Sensitivity and specificity of the human papillomavirus identification test.
Pap test (Usage)
|Publication:||Name: South African Journal of Obstetrics and Gynaecology Publisher: South African Medical Association Audience: Academic Format: Magazine/Journal Subject: Health Copyright: COPYRIGHT 2011 South African Medical Association ISSN: 0038-2329|
|Issue:||Date: Sept, 2011 Source Volume: 17 Source Issue: 3|
|Topic:||Event Code: 350 Product standards, safety, & recalls|
|Geographic:||Geographic Scope: United States Geographic Code: 1USA United States|
To the Editor: When the sensitivity of a test such as the Pap smear
is determined, both positive and negative results should be submitted to
the gold standard of histology. (1) If this is not done, the sensitivity
will be unrealistically high. (1,2) The human papillomavirus (HPV) test
has not been adequately investigated in this way. In this letter I
report a preliminary study in which the HPV test was evaluated against
histology in all cases.
In a prospective analytical study, 241 consecutive women in a primary health care clinic were tested with the HPV test and the Pap smear. A cervical punch biopsy for histological examination was done on all patients after 5% acetic acid application. The biopsy specimen was taken either from an acetowhite area or the most convenient area on the cervix (usually the 12 or 6 o'clock position). The cytological and histological examinations were done by the local teaching hospital's laboratories, while the HPV tests were analysed by means of PCR amplification by the Digene Corporation in Gaithersburg, Maryland, USA.
The median age of the 241 women was 34 years (range 27 -52 years), and the median parity was 3 (0-6).
The Pap smear results were 81.5% negative and 18.5% positive. Among the positive findings were 12 cases of atypical squamous cells of undetermined significance (5.2%), 28 low-grade squamous intraepithelial lesions (12%), 1 high-grade squamous intraepithelial lesion (0.4%) and 2 cases of cancer (0.9%). The HPV test was positive in 47.8% of cases and negative in 52.2%, while the biopsies were positive in 23.9% of cases (condyloma, cervical intraepithelial lesion and cancer).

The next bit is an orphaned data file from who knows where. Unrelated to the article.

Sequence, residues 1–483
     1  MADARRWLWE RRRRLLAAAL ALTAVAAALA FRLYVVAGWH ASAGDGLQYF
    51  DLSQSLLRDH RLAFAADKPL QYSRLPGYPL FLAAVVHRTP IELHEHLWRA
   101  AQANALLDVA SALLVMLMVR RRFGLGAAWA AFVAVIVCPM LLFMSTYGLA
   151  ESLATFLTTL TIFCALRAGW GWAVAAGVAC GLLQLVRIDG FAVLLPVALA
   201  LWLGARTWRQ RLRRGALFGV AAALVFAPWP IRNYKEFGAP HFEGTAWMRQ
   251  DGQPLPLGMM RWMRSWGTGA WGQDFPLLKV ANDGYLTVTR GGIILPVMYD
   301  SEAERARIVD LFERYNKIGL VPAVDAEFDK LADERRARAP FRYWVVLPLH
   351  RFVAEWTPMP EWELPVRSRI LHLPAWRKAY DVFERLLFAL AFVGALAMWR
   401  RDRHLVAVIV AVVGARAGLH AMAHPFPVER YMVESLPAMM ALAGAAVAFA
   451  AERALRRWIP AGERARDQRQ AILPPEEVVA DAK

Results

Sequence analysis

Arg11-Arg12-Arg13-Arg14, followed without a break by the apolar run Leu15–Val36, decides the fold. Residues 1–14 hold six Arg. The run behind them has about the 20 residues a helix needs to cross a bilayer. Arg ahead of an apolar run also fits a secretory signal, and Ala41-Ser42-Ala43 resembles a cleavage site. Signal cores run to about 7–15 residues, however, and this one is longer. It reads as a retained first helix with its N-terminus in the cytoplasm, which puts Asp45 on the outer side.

The sensitivity of the HPV test was 75.6% (95% confidence interval (CI) 61.3-85.8%) and the specificity 60.4% (95% CI 52.4-67.9%). The sensitivity of the Pap smear was 48.9% (95% CI 33.7-60.6%) and its specificity was 88.9% (95% CI 83.6-93.4%).
The HPV test therefore has a higher sensitivity but a lower specificity than the Pap smear. It is an expensive test and also requires a high level of technical expertise to perform, making it unsuitable for resource-constrained countries in its present form. On the other hand, liquid-based cytological testing has a similar sensitivity and a higher specificity and is much less costly. (3)
(1.) Fahey MT, Iiwig L, Macaskill P. Meta-analysis of Pap test accuracy. Am J Epidemiol 1995;141:680-689.
(2.) McCrory DC, Matchar DB, Bastian L. Evaluation of Cervical Cytology. Evidence Report/ Technology Assessment No. 5 (prepared by Duke University under contract No. 290- 97 -0014). AHCPR Publication No. 99-E010. Rockville, MD: Agency for Health Care Policy and Research, 1999.
(3.) Nanda K, McCrory DC, Myers ER. Accuracy of the Papanicoloau test in screening for and follow-up of cervical cytologic abnormalities: a systematic review. Ann Intern Med 2000;132:810-819.
H S Cronje, MMed, O et G, FCOG (SA)
Department of Obstetrics and Gynaecology, University of the Free State,
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